2. Fourth Amendment Claims

The most liberal and expansive interpretation of the plaintiffs' second claim is that the plaintiffs allege the defendants' use of tear gas violated their Fourth Amendment right to be free from the use of excessive force. Notwithstanding their couching of the claim in terms of a Fourth Amendment violation, the plaintiffs nevertheless allege -- throughout their First Amended Complaint -- the actions of Sheriff Ackal and Sgt. Garcia in violating the plaintiffs' constitutional rights were " negligent." [10]

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As an initial matter, this Court notes claims arising out of negligent acts do not give rise to relief under § 1983. In Daniels v. Williams, the United States Supreme Court explained:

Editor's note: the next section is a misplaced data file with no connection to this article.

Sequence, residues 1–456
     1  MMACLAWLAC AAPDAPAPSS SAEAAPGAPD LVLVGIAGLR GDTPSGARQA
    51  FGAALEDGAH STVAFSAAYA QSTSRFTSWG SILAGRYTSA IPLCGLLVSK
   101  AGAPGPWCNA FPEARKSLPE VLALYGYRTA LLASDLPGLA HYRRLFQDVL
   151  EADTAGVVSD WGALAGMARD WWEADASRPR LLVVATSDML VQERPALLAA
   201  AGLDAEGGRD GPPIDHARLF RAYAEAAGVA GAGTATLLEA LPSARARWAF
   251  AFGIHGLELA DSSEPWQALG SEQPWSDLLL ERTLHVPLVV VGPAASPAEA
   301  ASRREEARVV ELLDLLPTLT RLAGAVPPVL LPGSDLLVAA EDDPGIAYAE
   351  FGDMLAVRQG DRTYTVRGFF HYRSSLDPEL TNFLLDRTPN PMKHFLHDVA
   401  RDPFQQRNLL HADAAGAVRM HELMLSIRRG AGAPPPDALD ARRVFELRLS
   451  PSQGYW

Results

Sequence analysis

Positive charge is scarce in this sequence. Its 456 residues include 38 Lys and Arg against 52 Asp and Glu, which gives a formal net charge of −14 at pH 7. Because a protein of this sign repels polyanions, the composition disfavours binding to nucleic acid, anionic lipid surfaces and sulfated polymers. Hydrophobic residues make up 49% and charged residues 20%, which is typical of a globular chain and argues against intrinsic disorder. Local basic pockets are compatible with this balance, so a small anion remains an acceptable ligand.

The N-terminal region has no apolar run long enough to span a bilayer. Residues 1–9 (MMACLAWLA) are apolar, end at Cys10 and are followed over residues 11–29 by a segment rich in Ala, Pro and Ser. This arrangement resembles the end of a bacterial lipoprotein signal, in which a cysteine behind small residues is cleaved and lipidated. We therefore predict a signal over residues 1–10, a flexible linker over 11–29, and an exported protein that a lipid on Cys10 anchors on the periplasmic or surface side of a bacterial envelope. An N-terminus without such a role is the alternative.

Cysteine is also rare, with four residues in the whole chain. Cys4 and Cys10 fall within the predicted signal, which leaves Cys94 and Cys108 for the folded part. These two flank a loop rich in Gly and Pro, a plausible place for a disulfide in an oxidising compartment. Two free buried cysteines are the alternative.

Far from an abuse of power, lack of due care suggests no more than a failure to measure up to the conduct of a reasonable person. To hold that injury caused by such conduct is a deprivation within the meaning of the Fourteenth Amendment would trivialize the centuries-old principle of due process of law.

474 U.S. 327, 332, 106 S.Ct. 662, 665, 88 L.Ed.2d 662 (1986). Thus, to the extent the plaintiffs' " Fourth Amendment" claims can be read to allege negligent acts on the part of Sheriff Ackal, there is no remedy for such claims under 1983, and the claims must be dismissed.

a. Sheriff Ackal